The 80 meter-long DNV GL classed vessel is one of three ferries operated by the Norwegian shipping company Norled between Lavik and Oppedal and is able to carry 120 cars and 360 passengers. “Ampere is trading in Sognefjord with 100 per cent regularity and consumes 50 per cent less energy compared with a traditional diesel ferry on the same route. It has proven to be a huge success for Norled,” said Claes Skat-Rørdam of award sponsor Hempel on behalf of the judges.
Tord Helland, Finance Director at Norled, accepted the award in London yesterday. “The Ship Efficiency Award is not only recognition for the hard work we have done with our project partners, but it also confirms our efforts and contribution to the global climate goals by reducing air pollution,” Helland said. “An electrical ferry that can save up to one million litres of fuel annually, thereby preventing 2,640 tonnes of carbon dioxide from entering the atmosphere, can make a strong statement in this regard.” Ampere runs 34 times a day with a crossing time of 20 minutes. Between the trips the 1MWh lithium-polymer battery pack on board can be charged in only ten minutes.
“We are honoured that Ampere has received this internationally coveted award,” said Stephen Bligh, Head of Shipping Advisory UK at DNV GL. “As a classification society, together with the shipyard Fjellstrand and the various technology providers, we have helped to make the vision of operator Norled happen and demonstrated that new clean technologies don’t compromise market competitiveness.”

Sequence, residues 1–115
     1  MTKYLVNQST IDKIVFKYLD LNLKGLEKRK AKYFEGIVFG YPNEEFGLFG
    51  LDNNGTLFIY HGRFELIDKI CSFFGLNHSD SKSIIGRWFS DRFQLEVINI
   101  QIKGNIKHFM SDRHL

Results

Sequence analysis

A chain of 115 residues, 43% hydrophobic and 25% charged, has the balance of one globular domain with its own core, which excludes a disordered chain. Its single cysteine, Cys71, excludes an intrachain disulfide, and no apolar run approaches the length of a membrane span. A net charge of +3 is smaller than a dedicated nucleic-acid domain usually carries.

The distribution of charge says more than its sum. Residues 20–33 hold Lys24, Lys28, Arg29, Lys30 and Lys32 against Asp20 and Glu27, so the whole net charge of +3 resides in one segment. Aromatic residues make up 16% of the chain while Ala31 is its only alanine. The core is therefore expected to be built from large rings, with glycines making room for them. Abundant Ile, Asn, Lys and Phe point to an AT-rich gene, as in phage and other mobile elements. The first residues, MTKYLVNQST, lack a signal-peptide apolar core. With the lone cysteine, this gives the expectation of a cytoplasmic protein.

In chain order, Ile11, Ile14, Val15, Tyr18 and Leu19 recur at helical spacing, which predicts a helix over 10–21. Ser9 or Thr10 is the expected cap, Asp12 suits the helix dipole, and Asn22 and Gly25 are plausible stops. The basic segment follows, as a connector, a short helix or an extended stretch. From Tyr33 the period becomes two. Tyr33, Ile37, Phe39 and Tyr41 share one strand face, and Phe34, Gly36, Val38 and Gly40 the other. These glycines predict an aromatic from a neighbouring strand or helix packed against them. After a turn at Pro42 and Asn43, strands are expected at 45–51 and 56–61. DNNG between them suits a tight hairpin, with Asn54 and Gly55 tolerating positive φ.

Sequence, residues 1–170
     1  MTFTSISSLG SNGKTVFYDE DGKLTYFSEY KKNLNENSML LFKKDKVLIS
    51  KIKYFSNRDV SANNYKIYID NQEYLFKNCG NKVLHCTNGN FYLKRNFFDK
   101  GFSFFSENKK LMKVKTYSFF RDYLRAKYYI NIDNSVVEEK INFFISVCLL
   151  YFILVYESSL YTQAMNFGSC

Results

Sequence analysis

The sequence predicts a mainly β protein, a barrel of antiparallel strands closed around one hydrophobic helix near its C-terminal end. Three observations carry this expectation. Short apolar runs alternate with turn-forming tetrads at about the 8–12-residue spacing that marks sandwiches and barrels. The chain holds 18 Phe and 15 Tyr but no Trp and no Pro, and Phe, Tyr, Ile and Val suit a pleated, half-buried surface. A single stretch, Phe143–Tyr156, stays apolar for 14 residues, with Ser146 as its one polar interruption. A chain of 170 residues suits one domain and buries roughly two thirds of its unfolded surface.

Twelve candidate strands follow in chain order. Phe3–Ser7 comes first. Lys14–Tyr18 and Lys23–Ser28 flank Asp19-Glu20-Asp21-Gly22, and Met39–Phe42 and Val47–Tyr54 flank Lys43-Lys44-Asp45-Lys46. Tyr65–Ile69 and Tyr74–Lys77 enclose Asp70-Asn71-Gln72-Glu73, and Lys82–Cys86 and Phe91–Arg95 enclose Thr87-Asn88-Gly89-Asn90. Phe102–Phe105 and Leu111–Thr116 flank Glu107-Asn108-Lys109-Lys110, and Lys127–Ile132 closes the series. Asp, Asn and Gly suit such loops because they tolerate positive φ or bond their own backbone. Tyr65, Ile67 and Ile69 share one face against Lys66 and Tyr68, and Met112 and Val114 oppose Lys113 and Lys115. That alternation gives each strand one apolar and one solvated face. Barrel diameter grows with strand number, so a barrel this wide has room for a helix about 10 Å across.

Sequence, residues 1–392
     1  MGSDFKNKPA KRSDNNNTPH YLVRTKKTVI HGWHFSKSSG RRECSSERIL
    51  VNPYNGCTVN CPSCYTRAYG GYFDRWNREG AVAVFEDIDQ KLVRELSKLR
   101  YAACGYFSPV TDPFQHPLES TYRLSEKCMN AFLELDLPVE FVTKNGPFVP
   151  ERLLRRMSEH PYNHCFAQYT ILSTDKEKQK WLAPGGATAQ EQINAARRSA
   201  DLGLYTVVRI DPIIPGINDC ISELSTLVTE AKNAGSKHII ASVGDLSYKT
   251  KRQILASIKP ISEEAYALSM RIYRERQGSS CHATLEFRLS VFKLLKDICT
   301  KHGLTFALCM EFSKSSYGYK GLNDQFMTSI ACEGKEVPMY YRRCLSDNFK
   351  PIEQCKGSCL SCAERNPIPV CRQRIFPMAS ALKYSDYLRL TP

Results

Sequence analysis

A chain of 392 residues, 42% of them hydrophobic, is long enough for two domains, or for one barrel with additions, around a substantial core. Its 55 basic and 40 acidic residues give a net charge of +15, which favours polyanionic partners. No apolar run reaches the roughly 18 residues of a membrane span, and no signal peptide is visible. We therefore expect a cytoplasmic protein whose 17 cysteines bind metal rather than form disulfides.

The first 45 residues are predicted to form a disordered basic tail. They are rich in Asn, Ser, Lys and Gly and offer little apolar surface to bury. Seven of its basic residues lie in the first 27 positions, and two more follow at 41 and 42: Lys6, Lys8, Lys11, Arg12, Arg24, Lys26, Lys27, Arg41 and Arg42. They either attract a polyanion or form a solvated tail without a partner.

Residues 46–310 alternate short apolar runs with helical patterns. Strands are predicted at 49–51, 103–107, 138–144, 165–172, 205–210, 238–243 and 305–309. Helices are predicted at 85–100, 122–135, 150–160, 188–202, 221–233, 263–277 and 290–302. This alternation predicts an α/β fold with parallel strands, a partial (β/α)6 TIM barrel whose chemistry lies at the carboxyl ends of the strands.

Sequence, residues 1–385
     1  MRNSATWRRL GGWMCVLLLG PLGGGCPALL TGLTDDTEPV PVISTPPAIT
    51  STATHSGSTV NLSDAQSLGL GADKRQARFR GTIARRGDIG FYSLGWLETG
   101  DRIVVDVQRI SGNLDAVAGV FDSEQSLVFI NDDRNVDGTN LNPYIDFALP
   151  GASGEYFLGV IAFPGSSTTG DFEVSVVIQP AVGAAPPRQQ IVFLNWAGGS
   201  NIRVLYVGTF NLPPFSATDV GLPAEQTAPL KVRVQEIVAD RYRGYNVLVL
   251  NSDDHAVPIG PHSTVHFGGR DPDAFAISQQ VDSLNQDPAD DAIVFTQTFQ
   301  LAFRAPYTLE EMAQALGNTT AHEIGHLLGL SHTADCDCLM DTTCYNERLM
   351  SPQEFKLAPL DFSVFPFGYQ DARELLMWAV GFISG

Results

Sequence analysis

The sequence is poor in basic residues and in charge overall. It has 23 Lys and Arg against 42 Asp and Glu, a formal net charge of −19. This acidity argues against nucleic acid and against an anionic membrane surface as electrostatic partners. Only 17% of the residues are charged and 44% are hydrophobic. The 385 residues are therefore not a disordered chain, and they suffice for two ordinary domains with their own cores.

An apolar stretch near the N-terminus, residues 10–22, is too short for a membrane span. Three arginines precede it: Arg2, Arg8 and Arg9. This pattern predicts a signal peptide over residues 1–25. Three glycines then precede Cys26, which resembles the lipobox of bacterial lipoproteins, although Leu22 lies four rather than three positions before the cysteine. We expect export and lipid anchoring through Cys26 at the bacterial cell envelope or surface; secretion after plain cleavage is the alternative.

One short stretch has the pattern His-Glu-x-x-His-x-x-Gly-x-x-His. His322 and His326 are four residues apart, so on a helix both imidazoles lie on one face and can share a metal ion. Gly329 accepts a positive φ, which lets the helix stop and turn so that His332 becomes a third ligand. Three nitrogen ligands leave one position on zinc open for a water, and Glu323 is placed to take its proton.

Ampere has been awarded the DNV GL class notation 1A1 LC R4 (nor) Car Ferry C Battery Power. The notation is mandatory for vessels that use batteries as one of their main sources – or the sole source – of energy for propulsion. DNV GL has also developed several services to promote battery and hybrid technology in shipping, such as a guideline for large maritime battery systems, a new tool for qualifying battery-related systems, a battery ready service (technical, economic and environmental performance analyses), battery sizing and optimization tools and an introduction course to maritime battery systems.

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Greenpeace Nabs Pirate Fishing Vessel

By MarEx 2015-09-10 15:54:32

Activists from Greenpeace’s Rainbow Warrior boarded a Taiwanese tuna fishing vessel outside of Papua New Guinea believed to be part of a pirate shipping operation.

Greenpeace discovered the Shuen De Ching No. 888on Wednesday, September 9 and alleges several irregularities with its logbook. The vessel documented only three shark carcasses in its logbook but was found with about 75kg of shark fins, which suggests it caught at least 42 sharks.

Taiwanese law and Pacific shipping rules dictate that shark fins may not exceed five percent of the weight of a catch, and with only three carcasses reported, the Shuen De Ching appears to be in violation.

Greenpeace New Zealand has reported the case to the Western and Central Pacific Fisheries Commission (WCFPC) and to neighboring Pacific Island countries. Greenpeace has also blacklisted the vessel and retailers are being urged not to purchase fish from the ship.

“We demand that the Taiwanese Government order this illegal vessel to stop fishing and return to port immediately for a full and transparent investigation,” Greenpeace said in a statement. “There is a Taiwanese patrol boat in the region and this is exactly the sort of illegal activity they should be tackling.”

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Maersk Box Ship Spills Oil in Mediterranean

By MarEx 2015-09-10 15:20:34

Cleanup is underway after the Maersk Line containership M/V Nele Maersk reported a spill 80 miles off Barcelona in the Mediterranean Sea. The spill occurred during routine bunkering operations on Tuesday, September 8.